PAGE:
According to a study by Deloitte Access Economics for the Australian Computer Society (ACS), digital technology is driving some of the most significant changes in our current era. This is resulting in big benefits, not only for businesses and government agencies but for those with current (and in-demand) information and communications technology (ITC) skills.
Why are Digital Technologies Important?
The contribution of digital technologies to the Australian economy is forecast to be $139 billion by 2020 when it equates to 7 per cent of Australia’s Gross Domestic Product (GDP). GDP is one of the most common indicators used to track the health of a nation’s economy, and it includes several factors such as investment and consumption.
This trend represents the size of Australia’s digital economy. It illustrates the significant role technologies like data analytics, cloud platforms, the Internet of Things (IoT) and artificial intelligence (AI) will play in driving economic growth in Australia.
What Do the Statistics Say?
From 2014 to 2016, there was a boom in the ICT workforce, from around 600,000 to 640,000 workers, and strong growth is expected to continue to reach around over 720,000 workers by 2022. These figures represent annual average growth of about 2 per cent compared to 1.4 per cent for the Australian workforce. The statistics are also consistent with the significant role digital technologies are expected to play in driving Australia’s economic growth.
What Skills are in Demand?
LinkedIn data suggests that the top skills demanded by employers hiring new ICT workers include technical skills such as web programming, cloud computing and IT infrastructure. Broader business skills like customer service, project management and strategic planning are also looked on favourably.
Where is the Demand in Terms of Industries?
While the ICT workforce comprises a variety of occupations, around two-thirds of Australian ICT workers are employed in operations, technical, management or professional roles. Here is a breakdown of the top 10 industries ICT workers were employed in 2016:
- ICT-related industries – over 309,000 workers
- The rest of the professional, scientific and technical services – over 75,000 workers
- Public administration and safety – over 46,000 workers
- Financial and insurance services – over 44,000 workers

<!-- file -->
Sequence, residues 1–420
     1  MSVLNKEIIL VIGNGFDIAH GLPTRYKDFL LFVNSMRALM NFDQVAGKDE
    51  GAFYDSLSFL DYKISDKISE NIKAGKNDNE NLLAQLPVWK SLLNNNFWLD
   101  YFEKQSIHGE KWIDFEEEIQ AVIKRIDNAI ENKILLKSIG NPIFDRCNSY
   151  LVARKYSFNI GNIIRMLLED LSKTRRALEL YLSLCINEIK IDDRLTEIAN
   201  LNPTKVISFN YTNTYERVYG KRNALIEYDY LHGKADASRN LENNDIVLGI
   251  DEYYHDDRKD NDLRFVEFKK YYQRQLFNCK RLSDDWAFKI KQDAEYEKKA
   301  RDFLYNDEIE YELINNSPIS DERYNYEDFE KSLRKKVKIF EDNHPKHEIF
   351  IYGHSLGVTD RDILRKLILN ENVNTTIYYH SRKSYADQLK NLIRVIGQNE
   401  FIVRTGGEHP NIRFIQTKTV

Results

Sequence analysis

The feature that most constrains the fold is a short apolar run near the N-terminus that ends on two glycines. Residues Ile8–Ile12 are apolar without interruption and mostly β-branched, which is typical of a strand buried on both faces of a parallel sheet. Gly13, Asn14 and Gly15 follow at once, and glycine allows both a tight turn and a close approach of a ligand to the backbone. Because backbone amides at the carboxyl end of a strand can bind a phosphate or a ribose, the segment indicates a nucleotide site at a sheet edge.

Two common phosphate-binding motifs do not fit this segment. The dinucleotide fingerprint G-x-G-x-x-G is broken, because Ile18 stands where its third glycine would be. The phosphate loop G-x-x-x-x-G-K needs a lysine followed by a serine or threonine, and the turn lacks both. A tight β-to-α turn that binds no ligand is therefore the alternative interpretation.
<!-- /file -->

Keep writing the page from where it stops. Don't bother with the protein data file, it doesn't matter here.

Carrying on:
- Retail trade – over 25,000 workers
- Education and training – over 24,000 workers
- Manufacturing – over 21,000 workers
- Wholesale trade – over 16,000 workers
- Healthcare and social assistance – over 12,000 workers
- Other industries – over 63,000 workers
In terms of employers advertising ITC jobs in 2016, the top 10 ads were in the following sectors:
- Information technology and services
- Computer software
- Financial services
- Electrical and electronics manufacturing
- Staffing and recruiting
- Computer networking
- Information services
- Computer hardware
- Computer and network security
What Does the Future Look Like?
The ongoing demand for ICT workers reflects the continued expectation that employment prospects will be relatively strong for ‘knowledge workers’, particularly those that are highly exposed to the growing digital economy. The increasing prominence of digital technologies in all industries across the Australian economy also means there is a growing demand for ICT workers in a diverse range of sectors and roles.
Digital technologies are increasingly a ‘horizontal’ element that overlays all ‘vertical’ industries, which is one reason there are many more opportunities for ICT employment. A ‘vertical’ industry is essentially a market where businesses (or their skilled employees) offer specific goods or services to a trade, industry profession or other groups of customers with specialised needs.
This trend is expected to continue to create strong demand for ICT workers in the future, particularly because digitally-enabled innovation will continue to be a significant driver of growth and competitive advantage among Australian businesses.
Employment growth is forecast to be strongest in ICT operations and management occupations, which is expected to grow by 28,500 workers (or an average annual growth rate of 2.4 per cent) until 2022. ICT professional and technical occupations are also expected to increase by 26,700 workers (or an average annual growth rate of 1.9 per cent). Together, these two occupation groupings are expected to comprise almost 70 per cent of total jobs growth forecast for the ICT workforce until 2022.
Why is ICT Education Important?
According to the founder of iiNet and one of Australia’s leading investors and technology entrepreneurs Michael Malone, the collaboration between industry and learning institutions and providers is essential for developing a relevant ICT skills base.
“It is important that graduates entering the ICT workforce are equipped with the skills and experiences that employers demand.
“This means that students who are studying computing and ICT need to receive technical foundations such as coding and programming skills, as well as the knowledge and experience to be able to apply these foundational skills in a business context.”
Are You Considering a Career in IT?
Australian Online Courses have many IT courses that can help you gain entry-level positions in the IT industry. If you’re an IT professional, there are many IT courses that can help you in your professional development to gain a promotion or to take your IT career in a different direction.